Tag Archives: United Methodist Church

The Boy in The White Hat: Where is He Now?

A few weeks ago, we celebrated my grandson turning four years old. It was the first time the four cousins had been together. This picture captures their joy, and perhaps you can imagine mine…

I love the way they are holding hands. I love their hats!

These are the children in my world: these are the ones I can influence for good; these are the ones I can be a good example to; these are the ones I can teach to love and respect all human beings so that they can do their part to bring love and light into this world of ours.

Then there’s this: Continue reading

Possibly the Two Greatest Things That Children Could Ever Learn… Taking Place in a United Methodist Church

It was early on Tuesday morning when my phone beeped with an unexpected blessing. It was a little message from a children’s ministry colleague in Ohio. Kathy and I have never actually met.

‘Hi Glenys’, the message read, ‘our congregation hosts a summer literacy program in July called Camp Read-A-Lot. Each week we give books to the children to take home and keep for their own, mostly donated gently used books. This year we received a donation in memory of a local high school librarian to purchase a special book for each child. I was so excited to be able to purchase Love Letters from God from Church Source and a price that enabled us to purchase 170 copies! … I’m writing to you as I am wondering if you would be willing to share a few words of encouragement with our Camp Read-A-Lot kids…’

Wow!  Would I be willing to share a few words of encouragement with the Camp Read-A-Lot kids? You bet! These children, gathered together in a United Methodist church in Ohio, are learning two of the most wonderful things in life: how to read, and how to know Jesus.

So I grabbed my phone, texted my bestie, and two hours later, we were sitting by a little lake in the sunshine, making this video… Continue reading

What Happened at Church This Morning…

A few days ago, a young man stepped into my husband’s office. It’s not unusual. Our church stands on the edge of a city. Many people approach him for help. But this young man didn’t ask for money. He asked to be baptized.

He’s going to be baptized this Sunday, my husband told me excitedly.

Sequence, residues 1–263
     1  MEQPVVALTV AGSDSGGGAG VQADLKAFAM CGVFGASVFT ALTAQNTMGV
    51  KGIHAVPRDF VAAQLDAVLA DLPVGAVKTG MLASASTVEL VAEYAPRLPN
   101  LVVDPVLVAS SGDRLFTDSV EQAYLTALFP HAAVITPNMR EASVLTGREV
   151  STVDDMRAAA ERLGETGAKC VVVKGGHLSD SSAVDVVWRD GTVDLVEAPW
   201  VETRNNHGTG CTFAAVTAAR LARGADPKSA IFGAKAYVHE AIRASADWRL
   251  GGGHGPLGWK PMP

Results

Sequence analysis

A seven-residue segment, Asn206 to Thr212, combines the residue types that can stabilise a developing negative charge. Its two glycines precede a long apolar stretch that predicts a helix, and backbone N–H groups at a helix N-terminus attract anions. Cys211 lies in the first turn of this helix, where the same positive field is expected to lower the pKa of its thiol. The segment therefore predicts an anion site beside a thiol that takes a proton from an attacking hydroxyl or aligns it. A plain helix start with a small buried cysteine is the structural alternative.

We were so excited. Of course we were! We love baptisms! We love it when babies get baptized, and my husband carries them through the congregation to meet their new church family.

But as beautiful and special and meaningful as infant baptism is, it’s the parents who request that for their babies. When a grown man walks in off the street and requests that for himself, you simply know that God is at work in powerful ways.

But would he actually show up? I wondered if he would be brave enough to come, early on Sunday morning. Continue reading

Open Hearts, Open Minds, Open Doors. And the Children…

It’s the first time there’s been no room for me to sit on the steps with the children as they gather to hear me read.

I look around, at all those little ones peering up at me, and somehow, it feels totally appropriate to kneel, in front of them, under the cross and flame. You’d think, with all those children, I’d be in a huge United Methodist church, perhaps in the big city of Grand Rapids. But I’m not… Continue reading

The Church in the Middle of the Cornfield

It’s Sunday. l’m in the car early on this October morning. I leave the city and all the traffic behind and pretty soon I’m by myself on country roads, heading to this little church where I’ve been invited to share in a special Children’s Sunday. I’m happy to do it… children’s ministry is my passion.

I don’t really know what to expect when I get there, but I’m thinking that that this place won’t be packed. There probably won’t be many kids. But that’s okay, I remind myself. After all, some of Jesus’ most powerful conversations that would result in transformed lives were shared one on one, rather than in the crowd.

I keep driving, and driving, past peach farms and fruit trees, and nothing else, until I arrive at the railway tracks that have no lights. I obediently stop and as I do, I see a faithful little sign beyond, trying its best to stick up importantly out of the grass. It bears a cross and flame. I know that logo.

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Chapel Hill United Methodist Church 1/4 Mile that faithful sign announces, with a little arrow to guide me just in case I get lost. After all, the road I’m on does seem to stretch into nowhere.

But I’m on the right path. And exactly one-quarter of a mile down that road, I get my first glimpse of the church. It’s little. And cute. It looks welcoming. It’s in the middle of a cornfield.

As I pull into the parking lot, I note that there’s even parking spaces ‘reserved for visitors.’ I try not to think about just how many visitors might come here. But the point is, this church is prepared.

It’s just that I’m not… I’m not quite prepared for what I experience that morning…

because inside those doors, something is happening, fueled by the undeniable and inextinguishable presence of the Holy Spirit.